Wednesday, April 20, 2011

Recent grad Leah Muir on UB: "a rare mix of performance, intellect, and experiment"


Leah Muir completed her doctoral studies in composition at UB in 2008, and is now living in Berlin. She reports:

"My doctoral study at Buffalo was a huge enrichment to my musical life and experience, and continues to be so -- in fact I think it is one of the few organizations in the US that could prepare me for the European musical life I found myself suddenly in. Right now, in fact, I am preparing for a Morton Feldman concert for the Crescendo concert series on June 10, of which I am in charge of musical direction and conducting. Morton Feldman seems to be around every turn I take.

"It was Amy Williams who first introduced me to the University at Buffalo at 19; she brought a group of composers from Bennington College to June in Buffalo. There I met David Felder, and never forgot him or my amazing musical experience during the program. I applied later to Buffalo for my Doctoral degree and was accepted on a Presidential fellowship, where I was able to gain four years of teaching experience. There I made extremely close musical relationships with musicians and composers in the program, and had many compositional breakthroughs with David as my teacher. David Felder demands excellence from his students, and I was pushed very hard to go as far as I possibly could with my own talents, and then maybe even farther. For that I am very grateful.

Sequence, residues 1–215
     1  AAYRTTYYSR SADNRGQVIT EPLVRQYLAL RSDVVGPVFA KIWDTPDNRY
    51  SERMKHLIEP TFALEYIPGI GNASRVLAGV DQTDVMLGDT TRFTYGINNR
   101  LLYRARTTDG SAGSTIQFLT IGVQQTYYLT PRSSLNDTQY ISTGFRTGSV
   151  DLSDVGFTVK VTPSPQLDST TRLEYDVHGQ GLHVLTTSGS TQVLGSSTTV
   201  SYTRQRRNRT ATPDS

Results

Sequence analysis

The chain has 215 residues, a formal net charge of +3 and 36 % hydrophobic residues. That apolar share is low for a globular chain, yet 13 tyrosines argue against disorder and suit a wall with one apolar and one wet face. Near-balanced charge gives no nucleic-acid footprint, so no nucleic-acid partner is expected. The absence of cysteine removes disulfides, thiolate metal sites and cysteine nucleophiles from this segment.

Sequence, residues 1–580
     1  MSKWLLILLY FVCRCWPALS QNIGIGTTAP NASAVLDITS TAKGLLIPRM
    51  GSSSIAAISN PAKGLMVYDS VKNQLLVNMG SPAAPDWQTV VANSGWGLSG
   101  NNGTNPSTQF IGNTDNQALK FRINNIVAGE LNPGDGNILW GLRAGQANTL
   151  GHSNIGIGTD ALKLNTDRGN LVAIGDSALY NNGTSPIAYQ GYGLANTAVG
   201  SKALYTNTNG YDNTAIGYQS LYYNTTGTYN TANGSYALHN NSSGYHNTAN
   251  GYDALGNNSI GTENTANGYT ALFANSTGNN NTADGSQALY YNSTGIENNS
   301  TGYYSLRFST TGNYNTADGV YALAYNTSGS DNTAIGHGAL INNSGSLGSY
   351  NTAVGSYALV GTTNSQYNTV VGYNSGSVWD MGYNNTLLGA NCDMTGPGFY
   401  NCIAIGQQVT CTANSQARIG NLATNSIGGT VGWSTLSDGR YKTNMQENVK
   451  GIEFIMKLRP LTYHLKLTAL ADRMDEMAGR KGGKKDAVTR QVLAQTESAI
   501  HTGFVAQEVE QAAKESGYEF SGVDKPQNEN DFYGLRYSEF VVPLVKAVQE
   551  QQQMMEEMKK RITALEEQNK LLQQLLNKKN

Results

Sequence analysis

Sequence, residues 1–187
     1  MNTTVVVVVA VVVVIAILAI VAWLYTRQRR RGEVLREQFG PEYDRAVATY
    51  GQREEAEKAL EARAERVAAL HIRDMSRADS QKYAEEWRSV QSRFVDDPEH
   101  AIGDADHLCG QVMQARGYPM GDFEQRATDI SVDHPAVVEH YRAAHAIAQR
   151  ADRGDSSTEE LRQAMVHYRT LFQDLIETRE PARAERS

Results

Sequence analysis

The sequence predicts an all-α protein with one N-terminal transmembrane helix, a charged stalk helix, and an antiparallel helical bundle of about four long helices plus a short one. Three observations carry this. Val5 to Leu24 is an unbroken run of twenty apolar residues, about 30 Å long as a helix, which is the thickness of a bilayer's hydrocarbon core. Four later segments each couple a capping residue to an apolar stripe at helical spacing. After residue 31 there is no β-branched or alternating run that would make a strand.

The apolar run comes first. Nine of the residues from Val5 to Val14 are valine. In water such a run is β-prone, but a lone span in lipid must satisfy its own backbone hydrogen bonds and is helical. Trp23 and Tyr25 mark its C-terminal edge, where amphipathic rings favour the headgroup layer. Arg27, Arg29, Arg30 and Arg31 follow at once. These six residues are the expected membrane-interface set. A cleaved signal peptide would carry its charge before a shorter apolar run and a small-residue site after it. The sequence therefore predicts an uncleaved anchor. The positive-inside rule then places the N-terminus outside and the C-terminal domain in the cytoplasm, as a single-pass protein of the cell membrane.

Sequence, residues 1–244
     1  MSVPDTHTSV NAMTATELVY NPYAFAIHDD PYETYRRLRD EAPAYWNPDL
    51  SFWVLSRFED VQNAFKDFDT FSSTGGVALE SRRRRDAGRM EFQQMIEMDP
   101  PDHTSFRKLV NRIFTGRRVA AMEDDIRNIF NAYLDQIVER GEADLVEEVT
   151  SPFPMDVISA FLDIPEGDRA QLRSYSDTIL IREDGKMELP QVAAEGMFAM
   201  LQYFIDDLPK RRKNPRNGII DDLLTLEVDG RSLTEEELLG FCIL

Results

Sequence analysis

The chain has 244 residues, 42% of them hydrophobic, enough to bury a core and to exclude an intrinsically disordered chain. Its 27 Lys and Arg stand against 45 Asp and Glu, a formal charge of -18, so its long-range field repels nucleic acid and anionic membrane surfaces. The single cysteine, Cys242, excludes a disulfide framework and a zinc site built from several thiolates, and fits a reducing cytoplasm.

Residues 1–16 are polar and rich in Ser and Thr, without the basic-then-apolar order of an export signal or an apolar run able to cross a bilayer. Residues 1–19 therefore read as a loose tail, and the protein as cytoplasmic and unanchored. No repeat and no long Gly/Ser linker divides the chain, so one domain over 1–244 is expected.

"Beyond my work at the Institut für Neue Musik, I have also some commissions to write this year. The first is my Doppelkonzert für E. Gitarre und Akkordeon, dedicated to Krassimir Sterev, Yaron Deutsch, Ajtony Csaba and the Mitteleuropäisches Kammerorchester to be premiered in Vienna, Austria in 2011. The second for the Münchener Biennale, is a 25 minute music theater piece to be premiered in May of 2012. Last year, I had a couple of important premieres, on Märzmusik and Wien Modern, and a slight foray into video brought on a sudden premiere at Soundtrack Cologne.

"Buffalo, where American experimentalism is still cherished, was instrumental to my development in these musical directions. David Felder, Cort Lippe and Jeff Stadelman provided an excellent scope of what is out there that is most intellectually stimulating in music, and also what reality is and could be for a composer in our current musical landscape. Beyond this, an idealistic and utopian approach to music is also coveted at the university, where experiment is fully encouraged and when followed, given free reign of the imagination. I find this mixture to be quite unique. Charles Smith and Michael Long are also an extremely important part of the program for me, because the sort of analysis they teach is rare and hard to find. In other departments, with Tony Conrad and Elliot Caplan also in the wings of the greats teaching there, I had the possibility to participate in some transmedial collaborations. Hallwalls, Soundlab and the Burchfield-Penney, beyond the University, provided yet another platform to branch out into a wider community, together with self-organized group of composers, we were able to play music and have a public." Here's Leah's unsettling and inventive Sound Bandage, scored for the offbeat combination of soprano and bass saxophones, cello, and "tape."


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